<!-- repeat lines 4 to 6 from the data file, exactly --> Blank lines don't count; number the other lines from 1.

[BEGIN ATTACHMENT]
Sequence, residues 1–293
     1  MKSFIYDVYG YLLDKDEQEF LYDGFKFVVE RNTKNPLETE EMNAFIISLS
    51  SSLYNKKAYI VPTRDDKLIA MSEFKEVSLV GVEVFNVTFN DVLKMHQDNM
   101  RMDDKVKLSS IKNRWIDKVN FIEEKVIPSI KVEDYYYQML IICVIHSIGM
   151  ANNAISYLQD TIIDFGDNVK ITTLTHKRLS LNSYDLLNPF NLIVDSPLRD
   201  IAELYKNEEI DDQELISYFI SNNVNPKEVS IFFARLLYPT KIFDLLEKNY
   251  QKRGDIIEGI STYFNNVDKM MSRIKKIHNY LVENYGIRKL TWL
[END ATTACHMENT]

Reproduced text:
   101  RMDDKVKLSS IKNRWIDKVN FIEEKVIPSI KVEDYYYQML IICVIHSIGM
   151  ANNAISYLQD TIIDFGDNVK ITTLTHKRLS LNSYDLLNPF NLIVDSPLRD
   201  IAELYKNEEI DDQELISYFI SNNVNPKEVS IFFARLLYPT KIFDLLEKNY